Technology has completely changed the world around us over the last three decades or so. Every single aspect of our daily lives, from reading the news to food shopping to staying in touch with friends and family, has become dominated by the internet and devices like smartphones. And businesses are no exception.
Everything about businesses has become digitised in recent years, including communicating with customers, marketing to audiences and storing vital data and documentation. Unfortunately, this rise in technology has also seen a significant rise in the number of cybercrimes impacting both large and small businesses around the world.
This means it’s more important than ever that businesses take the necessary steps to securing their data, and thankfully there are several ways to do this. If you find the whole topic of cybersecurity overwhelming, don’t worry. We’ve roped in the experts at Syntax IT Support to talk us through the issue, and explain how businesses can boost their security as cybercrime increases.
The importance of your data
You might be wondering, why exactly do hackers want my data in the first place? The answer is both simple and unnerving, as personal data is useful for committing further crimes like identity fraud, or accessing bank accounts. Data lists can also fetch a hefty price tag when sold on the dark web.
But it isn’t just personal data which is attractive to hackers. Business data can be extremely valuable too, such as information which allows hackers to access bank accounts or property assets, or details of upcoming business activities which can be taken advantage of.
There are many dark and disturbing ways for hackers to use data, both personal and commercial, which is why cybercrimes are increasing at such an alarming rate.
Taking the right steps towards security
In order to combat this rising trend for data breaches, more and more businesses are investing increasing resources in data security. This helps to safeguard brand reputation and maintain client trust.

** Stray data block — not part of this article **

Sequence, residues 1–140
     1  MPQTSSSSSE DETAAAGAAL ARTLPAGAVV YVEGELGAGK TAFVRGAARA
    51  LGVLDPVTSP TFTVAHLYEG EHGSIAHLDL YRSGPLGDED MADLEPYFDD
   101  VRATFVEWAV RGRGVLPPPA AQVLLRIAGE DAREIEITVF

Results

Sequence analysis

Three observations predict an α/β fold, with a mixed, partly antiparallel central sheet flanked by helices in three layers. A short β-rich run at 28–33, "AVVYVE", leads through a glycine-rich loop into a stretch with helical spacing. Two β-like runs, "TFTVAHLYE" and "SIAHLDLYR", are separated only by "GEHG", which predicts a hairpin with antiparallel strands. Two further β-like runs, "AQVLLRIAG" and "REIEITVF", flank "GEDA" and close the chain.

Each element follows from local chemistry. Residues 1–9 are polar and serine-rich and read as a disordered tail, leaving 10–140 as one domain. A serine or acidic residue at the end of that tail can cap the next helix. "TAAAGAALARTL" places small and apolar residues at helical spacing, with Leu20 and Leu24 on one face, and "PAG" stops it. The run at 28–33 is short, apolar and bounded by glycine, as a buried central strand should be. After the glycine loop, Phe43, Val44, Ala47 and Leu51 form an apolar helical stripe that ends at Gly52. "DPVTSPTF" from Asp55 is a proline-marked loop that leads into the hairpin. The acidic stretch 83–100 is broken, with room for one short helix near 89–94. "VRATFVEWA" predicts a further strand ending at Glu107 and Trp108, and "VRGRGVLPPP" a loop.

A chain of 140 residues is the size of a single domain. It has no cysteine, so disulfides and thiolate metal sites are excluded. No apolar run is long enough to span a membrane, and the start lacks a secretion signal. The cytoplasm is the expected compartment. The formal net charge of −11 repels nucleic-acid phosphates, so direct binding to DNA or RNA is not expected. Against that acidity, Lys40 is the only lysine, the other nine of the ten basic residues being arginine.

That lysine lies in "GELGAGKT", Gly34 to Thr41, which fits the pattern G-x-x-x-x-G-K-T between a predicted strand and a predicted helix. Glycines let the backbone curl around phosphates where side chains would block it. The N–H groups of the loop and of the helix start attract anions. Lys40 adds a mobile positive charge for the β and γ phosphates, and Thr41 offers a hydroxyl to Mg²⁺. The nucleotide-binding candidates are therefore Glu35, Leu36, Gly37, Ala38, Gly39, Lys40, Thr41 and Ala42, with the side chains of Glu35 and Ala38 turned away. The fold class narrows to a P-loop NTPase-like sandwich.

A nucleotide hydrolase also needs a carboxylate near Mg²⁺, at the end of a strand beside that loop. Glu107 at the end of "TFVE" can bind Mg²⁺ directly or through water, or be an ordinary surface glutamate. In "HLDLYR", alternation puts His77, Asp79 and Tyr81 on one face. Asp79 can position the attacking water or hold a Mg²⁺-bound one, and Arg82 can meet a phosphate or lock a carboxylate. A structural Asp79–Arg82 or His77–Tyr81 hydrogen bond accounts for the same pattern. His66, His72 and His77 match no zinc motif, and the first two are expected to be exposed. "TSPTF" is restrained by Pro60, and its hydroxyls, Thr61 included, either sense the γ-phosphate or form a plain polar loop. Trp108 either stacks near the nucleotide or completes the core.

Data security strategies focus on uncovering hidden risk areas so that they can be amended and secured. This might mean looking back at unprotected, compromised or forgotten databases, and installing the necessary measures to help safeguard them.
This also has the added benefit of helping businesses adhere to privacy and data collection regulations, including General Data Protection Regulation, or GDPR, and the PCI-DSS standards for handling debit and credit card payments.
GDPR rules were announced in May last year, and call for businesses to be more careful with personal information than ever before. Adhering to these kinds of rules can help ensure that your business is secure enough to avoid being the target of a cybercrime.
Getting your staff on board
People are one of the best assets in fighting against cybercrime. You can be as careful as possible, but if you’re employees aren’t following suit then your business remains at risk. Make sure you take the time to educate your employees on the importance of cyber security, enlightening them on ways they can improve security on a day to day basis.
This might involve educating them on password strength. The ideal password should be suitably long and complex, with a mix of upper and lowercase letters as well as numbers and symbols. It should also be changed every few months, and staff shouldn’t use the same password for all their accounts.
It may also mean educating your team on how to spot a scam email, and what to do if such a situation arises.
About the author:
Tejas Maheta is the Founder of techiegenie.com and a tech geek. Besides blogging he love reading books, Learning new things, and Hanging out with friends.